Read this Georgetown Center for Children and Families blog here to find out.
Read more in this this Center on Budget and Policy Priorities blog Congressional Republicans’ Plans are Likely to Cut Health Coverage.
Unwinding of PHE & Medicaid Continuous Coverage
Georgetown CCF: 50 State Tracker of Unwinding Plans
Georgetown Center for Children and Families has been updating their 50-state tracker with new information, including revised state unwinding plans and state renewal reports that were submitted to CMS.
  • All states have posted information for enrollees about the need to update their contact information, and almost all states (48) have a set of frequently asked questions on the unwinding.
  • Most states (42) also have communications materials or a toolkit, which is especially critical in the current period before unwinding begins, to help inform enrollees about forthcoming changes to Medicaid and potential actions they may have to take to maintain coverage.
  • While only a handful of states have committed to publicly posting key unwinding data in their public-facing documents, there has been improvement from the beginning of our tracking, when only four states indicated plans to do so.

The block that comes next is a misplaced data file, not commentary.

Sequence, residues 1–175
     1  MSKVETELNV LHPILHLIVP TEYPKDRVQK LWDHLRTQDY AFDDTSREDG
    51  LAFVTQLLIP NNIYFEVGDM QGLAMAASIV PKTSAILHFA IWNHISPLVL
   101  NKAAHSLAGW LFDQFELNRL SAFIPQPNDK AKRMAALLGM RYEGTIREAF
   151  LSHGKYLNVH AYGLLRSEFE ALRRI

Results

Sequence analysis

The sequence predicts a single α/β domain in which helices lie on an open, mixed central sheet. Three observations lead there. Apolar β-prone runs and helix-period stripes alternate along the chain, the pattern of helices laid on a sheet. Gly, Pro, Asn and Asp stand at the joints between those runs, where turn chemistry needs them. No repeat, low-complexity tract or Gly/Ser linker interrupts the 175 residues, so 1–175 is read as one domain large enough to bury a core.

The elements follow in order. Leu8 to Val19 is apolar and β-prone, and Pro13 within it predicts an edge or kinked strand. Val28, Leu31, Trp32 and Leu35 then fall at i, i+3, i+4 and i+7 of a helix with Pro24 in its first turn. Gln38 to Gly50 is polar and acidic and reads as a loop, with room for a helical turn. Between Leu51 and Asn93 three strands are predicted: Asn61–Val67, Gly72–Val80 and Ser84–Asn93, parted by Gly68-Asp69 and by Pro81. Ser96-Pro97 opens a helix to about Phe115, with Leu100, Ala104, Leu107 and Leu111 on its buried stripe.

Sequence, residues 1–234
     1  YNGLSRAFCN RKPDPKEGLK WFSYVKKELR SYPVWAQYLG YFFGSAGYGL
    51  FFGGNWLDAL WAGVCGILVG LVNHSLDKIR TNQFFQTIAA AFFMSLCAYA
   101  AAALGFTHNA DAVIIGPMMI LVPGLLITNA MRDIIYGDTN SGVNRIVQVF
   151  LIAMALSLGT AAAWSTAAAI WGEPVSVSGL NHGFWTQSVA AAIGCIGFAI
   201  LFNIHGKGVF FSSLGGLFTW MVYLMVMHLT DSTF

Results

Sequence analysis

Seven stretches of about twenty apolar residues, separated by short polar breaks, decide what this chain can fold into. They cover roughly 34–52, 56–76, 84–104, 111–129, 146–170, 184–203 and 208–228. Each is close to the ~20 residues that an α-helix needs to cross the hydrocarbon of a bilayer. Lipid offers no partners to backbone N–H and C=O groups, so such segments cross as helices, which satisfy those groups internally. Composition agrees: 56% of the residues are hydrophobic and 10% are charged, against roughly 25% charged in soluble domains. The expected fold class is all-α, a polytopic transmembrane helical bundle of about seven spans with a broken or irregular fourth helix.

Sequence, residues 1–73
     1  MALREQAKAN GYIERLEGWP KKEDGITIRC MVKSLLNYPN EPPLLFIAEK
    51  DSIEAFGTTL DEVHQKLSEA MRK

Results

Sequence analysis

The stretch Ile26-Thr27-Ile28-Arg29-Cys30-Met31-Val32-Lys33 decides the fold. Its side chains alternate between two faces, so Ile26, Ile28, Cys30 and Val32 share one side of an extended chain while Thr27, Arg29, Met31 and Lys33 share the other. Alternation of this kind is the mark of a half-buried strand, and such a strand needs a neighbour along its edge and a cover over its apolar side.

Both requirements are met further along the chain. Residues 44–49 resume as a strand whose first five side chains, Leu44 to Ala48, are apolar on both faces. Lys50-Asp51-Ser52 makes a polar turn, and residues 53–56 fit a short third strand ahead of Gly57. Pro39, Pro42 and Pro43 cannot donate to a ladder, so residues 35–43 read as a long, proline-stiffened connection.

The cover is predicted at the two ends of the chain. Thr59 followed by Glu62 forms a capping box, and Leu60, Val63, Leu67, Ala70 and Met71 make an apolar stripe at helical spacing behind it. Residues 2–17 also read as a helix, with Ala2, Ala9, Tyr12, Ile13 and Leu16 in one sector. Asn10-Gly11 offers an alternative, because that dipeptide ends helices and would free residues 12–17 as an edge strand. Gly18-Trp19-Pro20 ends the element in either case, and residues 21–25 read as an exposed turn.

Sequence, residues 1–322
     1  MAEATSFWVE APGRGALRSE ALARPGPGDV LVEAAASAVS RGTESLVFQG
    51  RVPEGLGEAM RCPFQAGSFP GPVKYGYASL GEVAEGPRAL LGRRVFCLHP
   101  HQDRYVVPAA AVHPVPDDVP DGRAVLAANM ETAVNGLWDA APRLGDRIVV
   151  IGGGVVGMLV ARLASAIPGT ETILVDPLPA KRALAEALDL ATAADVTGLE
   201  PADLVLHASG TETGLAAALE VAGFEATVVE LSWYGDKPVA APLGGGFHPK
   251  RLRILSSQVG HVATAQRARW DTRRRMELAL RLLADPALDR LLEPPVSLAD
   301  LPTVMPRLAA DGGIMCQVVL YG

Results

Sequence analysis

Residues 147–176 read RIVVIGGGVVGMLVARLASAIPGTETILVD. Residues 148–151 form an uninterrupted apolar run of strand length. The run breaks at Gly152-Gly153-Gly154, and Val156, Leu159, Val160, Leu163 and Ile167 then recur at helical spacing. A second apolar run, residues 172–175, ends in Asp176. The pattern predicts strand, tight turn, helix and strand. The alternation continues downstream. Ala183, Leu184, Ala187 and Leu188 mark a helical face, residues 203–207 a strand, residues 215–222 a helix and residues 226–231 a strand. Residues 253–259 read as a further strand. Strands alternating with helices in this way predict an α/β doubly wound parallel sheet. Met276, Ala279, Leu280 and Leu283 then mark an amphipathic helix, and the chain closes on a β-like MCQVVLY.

• Nearly all states (44) now have unwinding plans posted compared to only 19 states when we launched the tracker. However, some plans have not been updated and contain old information and timelines that do not reflect the changes made by the Consolidated Appropriations Act, which added new guardrails and set a date to begin winding down the continuous enrollment protection. To signal which plans are older versions, the tracker indicates plans that have not been updated with the notation “pre-CAA.”
To locate the tracker and read a Say Ahhh blog, click here.

NAMD: Framework for Unwinding
The National Association of Medicaid Directors has laid out a framework that outlines phases of the unwinding. Medicaid’s partners, including policymakers, health plans, providers, community-based organizations and others, will play a critical role in the effort to redetermine eligibility for all 90 million people on the program. NAMD’s framework will help Medicaid’s partners anticipate the arc of this effort. The framework breaks down the unwinding into three phases: forming and storming, implementation and course correction, and understanding the new normal. Read more here.   

State Health and Value Strategies (SHVS): Checklist of Actions